Vanuatu’s Parliament will convene to elect a new leader after the Court of Appeal upheld an earlier decision that a vote of no confidence against the Prime Minister was valid.
The decision was announced on Monday morning, following a hearing in front of a panel of six judges last Thursday.
The Speaker of Parliament Seoule Simeon lodged the appeal last Monday against the Supreme Court decision that found the Opposition had an absolute majority of 26 votes when it moved to oust Prime Minister Ishmael Kalsakau.
Vanuatu’s Constitution requires that a motion of no confidence against the Prime Minister be supported by an absolute majority of the Members of Parliament. There are 52 seats in Parliament but only 51 are currently filled, due to a vacancy on the island of Malekula.
A previous court case in 2011 determined that the absolute majority required for a no confidence motion against the prime minister is 27 votes in a Parliament of 52 members, but in August the Supreme Court Justice Edwin Goldsborough ruled that when there are 51 members, only 26 votes were required to constitute an absolute majority.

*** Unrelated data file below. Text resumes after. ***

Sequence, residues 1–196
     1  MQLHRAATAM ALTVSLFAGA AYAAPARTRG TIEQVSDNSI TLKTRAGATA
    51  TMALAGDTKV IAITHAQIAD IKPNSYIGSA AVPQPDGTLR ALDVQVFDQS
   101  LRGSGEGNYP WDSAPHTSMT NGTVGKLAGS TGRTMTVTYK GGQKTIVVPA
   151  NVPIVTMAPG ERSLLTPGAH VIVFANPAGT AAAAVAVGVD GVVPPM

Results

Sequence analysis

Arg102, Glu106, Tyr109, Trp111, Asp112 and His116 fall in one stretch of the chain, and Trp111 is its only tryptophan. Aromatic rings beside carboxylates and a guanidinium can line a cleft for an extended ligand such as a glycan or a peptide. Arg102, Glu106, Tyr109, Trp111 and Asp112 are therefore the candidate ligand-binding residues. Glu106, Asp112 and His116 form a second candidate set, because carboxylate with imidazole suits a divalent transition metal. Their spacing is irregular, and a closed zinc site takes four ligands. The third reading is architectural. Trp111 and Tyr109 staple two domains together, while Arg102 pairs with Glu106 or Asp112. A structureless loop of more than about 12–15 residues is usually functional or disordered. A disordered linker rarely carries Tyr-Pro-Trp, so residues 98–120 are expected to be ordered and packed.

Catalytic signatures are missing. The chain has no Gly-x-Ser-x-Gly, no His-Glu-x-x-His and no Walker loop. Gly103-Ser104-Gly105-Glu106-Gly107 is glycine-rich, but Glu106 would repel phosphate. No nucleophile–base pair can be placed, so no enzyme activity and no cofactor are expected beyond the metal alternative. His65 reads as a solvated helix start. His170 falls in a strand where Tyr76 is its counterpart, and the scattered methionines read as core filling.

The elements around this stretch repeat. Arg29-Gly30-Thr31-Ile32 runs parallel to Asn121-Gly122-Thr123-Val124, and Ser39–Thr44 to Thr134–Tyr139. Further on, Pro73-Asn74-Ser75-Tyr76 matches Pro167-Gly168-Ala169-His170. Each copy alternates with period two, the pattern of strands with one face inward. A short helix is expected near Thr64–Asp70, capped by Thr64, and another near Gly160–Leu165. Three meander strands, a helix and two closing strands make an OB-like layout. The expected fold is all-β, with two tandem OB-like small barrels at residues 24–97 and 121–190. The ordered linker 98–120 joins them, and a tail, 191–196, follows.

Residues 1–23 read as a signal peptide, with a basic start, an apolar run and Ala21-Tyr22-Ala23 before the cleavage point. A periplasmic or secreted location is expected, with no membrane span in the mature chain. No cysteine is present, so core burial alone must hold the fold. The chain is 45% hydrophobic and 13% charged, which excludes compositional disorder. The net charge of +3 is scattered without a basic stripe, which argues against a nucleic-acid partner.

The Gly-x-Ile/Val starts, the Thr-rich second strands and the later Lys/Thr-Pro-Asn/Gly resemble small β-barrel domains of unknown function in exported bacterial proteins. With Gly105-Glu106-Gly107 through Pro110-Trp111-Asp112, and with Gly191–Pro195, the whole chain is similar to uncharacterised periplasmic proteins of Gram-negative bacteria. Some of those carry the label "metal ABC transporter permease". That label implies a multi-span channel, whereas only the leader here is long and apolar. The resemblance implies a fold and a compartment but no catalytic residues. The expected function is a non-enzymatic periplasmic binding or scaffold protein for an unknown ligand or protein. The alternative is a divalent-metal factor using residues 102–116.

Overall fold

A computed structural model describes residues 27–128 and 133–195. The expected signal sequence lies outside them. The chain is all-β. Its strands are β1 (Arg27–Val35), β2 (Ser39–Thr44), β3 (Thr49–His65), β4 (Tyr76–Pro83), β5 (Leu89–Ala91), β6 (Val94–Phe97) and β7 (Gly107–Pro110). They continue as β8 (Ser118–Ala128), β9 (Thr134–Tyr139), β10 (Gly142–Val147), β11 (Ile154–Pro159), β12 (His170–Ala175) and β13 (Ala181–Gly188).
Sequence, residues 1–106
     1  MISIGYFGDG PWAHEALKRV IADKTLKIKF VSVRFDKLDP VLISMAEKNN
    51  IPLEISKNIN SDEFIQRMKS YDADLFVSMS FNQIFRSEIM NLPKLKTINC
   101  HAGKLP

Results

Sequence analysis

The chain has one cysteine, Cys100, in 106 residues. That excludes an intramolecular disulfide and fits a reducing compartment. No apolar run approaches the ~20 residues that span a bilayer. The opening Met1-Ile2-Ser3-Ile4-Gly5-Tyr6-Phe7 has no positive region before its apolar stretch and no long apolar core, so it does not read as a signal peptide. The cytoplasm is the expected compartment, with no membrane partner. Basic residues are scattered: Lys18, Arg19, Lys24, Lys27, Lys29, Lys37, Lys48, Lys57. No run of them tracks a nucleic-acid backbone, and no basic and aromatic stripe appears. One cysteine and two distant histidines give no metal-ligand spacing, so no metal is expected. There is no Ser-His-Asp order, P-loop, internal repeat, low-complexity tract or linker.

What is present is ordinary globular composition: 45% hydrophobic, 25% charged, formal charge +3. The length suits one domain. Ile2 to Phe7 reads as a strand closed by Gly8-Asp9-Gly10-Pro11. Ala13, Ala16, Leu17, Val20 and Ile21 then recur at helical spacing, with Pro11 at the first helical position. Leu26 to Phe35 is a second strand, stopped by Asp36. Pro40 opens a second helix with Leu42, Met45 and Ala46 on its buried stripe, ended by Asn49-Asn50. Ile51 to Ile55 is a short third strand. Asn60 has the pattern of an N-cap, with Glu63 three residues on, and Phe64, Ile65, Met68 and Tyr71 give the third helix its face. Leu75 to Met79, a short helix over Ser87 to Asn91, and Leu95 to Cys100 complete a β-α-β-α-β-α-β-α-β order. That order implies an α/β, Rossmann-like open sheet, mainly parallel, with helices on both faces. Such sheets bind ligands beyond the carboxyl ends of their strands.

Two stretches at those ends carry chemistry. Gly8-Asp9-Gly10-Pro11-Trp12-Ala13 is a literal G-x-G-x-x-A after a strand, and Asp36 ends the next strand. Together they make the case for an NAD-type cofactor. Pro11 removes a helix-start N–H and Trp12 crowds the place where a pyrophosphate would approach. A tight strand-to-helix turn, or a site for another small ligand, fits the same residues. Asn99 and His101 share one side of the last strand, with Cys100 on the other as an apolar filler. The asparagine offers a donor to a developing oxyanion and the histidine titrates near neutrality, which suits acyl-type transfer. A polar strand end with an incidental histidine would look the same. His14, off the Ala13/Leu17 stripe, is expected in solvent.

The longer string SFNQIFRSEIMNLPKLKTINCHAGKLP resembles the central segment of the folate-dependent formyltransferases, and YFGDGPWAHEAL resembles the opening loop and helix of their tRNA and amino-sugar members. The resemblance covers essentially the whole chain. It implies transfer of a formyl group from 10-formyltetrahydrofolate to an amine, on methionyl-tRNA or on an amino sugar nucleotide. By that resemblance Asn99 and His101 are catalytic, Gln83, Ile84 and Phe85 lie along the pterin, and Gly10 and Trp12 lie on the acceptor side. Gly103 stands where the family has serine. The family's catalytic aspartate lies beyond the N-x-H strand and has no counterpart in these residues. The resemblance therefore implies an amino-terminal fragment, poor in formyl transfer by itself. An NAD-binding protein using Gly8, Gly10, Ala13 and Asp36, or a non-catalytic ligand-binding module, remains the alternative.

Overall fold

On 16 August, a motion of no confidence against Prime Minister Kalsakau was debated in Parliament. The government had 23 votes and the opposition had 26, but the Speaker of Parliament, acting on advice from the Attorney-General, declared the motion had not been supported by an absolute majority.
Twenty-five members of the opposition, led by former prime minister Bob Loughman, challenged the decision of the Speaker and Attorney-General in court.
In his judgment, Justice Goldsborough determined that the vote of no confidence against Prime Minister Kalsakau had been successful and granted the Opposition’s request that the court order Parliament be convened to elect a new prime minister. However, he put a stay on the order, pending an appeal, which was completed today.
Kalskau will continue on a caretaker basis until Parliament can meet and elect a new prime minister.